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A Child’s Star

by Nancy Willard

One night a little girl looked out of her win­dow and saw a new star in the sky.

The little girl, who was very lonely, thought to herself, “How nice it would be to play with the star!” So she wished on the star and asked it to come down and see her. And the star twinkled so brightly that she felt sure it said, “Yes.” Stars just love to be wished on, you know.child's star 1

The very next night she looked for the star but she could not find it. She knew it must be on the way.

Her mother asked her, “What are you looking for?” “I’m looking for my star,” answered the little girl. “It promised me it would come.”

And her mother laughed and said, “Stars hardly ever come to earth, and when they do, why, they don’t look like stars a bit. They are just big pieces of rock called meteors.”

But the little girl only smiled. Her star was a fairy star, and she did not even expect it to look like other stars. Wishing stars that understand children-talk are different, you know.

The little girl decided not to look for the star right away. Even a wishing star can’t make such a long trip in only one night. It would probably have to say good­bye to all its friends and relatives and that would take a very long time. And the moon, who is mother to every star in the sky, would never let one of her stars go until she had washed the stardust from behind its ears. Mothers are like that, you know.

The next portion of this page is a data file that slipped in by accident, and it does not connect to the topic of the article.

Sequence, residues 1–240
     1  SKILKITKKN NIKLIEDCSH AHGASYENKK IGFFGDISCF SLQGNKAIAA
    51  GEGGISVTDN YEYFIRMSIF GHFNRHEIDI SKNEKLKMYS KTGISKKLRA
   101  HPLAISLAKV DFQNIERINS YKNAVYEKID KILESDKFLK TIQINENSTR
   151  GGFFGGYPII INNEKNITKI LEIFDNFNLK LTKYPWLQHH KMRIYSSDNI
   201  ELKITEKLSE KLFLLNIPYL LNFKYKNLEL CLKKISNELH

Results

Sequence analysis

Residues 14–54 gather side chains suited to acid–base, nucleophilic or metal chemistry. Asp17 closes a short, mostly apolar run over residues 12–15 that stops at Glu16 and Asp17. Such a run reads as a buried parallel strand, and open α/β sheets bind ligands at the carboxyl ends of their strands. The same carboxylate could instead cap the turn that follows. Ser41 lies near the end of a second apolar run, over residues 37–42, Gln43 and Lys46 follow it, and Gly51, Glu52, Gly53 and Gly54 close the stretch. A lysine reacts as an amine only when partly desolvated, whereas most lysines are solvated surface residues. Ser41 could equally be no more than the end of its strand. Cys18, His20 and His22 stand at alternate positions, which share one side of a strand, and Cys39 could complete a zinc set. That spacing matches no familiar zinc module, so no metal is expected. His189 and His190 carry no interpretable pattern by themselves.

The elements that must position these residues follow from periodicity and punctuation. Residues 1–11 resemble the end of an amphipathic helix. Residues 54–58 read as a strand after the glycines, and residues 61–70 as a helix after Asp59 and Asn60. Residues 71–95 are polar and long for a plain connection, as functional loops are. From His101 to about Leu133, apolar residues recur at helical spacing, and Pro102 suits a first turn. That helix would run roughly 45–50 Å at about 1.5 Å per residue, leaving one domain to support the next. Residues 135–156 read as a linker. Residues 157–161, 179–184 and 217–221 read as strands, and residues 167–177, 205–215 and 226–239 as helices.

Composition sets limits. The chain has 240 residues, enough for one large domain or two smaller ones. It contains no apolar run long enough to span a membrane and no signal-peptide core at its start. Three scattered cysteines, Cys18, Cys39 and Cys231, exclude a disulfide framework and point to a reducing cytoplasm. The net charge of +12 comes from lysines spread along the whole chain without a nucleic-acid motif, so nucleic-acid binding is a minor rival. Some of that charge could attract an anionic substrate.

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At last the little girl thought she had waited long enough. But it is not easy to go out looking for a star when you have no idea where it has fallen. She remem­bered how often the stars shone in her garden and she looked in all the flower beds, but she did not find her star.

The next day she hunted in the woods. She remem­bered how often she had seen the stars shine through the trees.

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“You funny little birds,” she said to her friends, “Have you seen my star? ” “Of course not,” twittered a robin. “I never heard anything so silly.”

“Really,” chirped a chickadee, “a star! What next! ” She looked in the meadow but all she found was a field mouse who looked very wise. Summer passed into autumn and autumn into win­ter. Still the little girl did not see her star. She looked in the river where, beneath its cap of blue ice, shone a thousand glittering stars, but her star was not among them.

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When Christmas arrived the little girl began to think that perhaps her mother was right and she would never find it. All night she wondered about the star, and very early while Mamma and Papa were still sleep­ing she crept downstairs.

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And there was the star, just as it had promised!

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From the December 1954 issue of The Horn Book Magazine.

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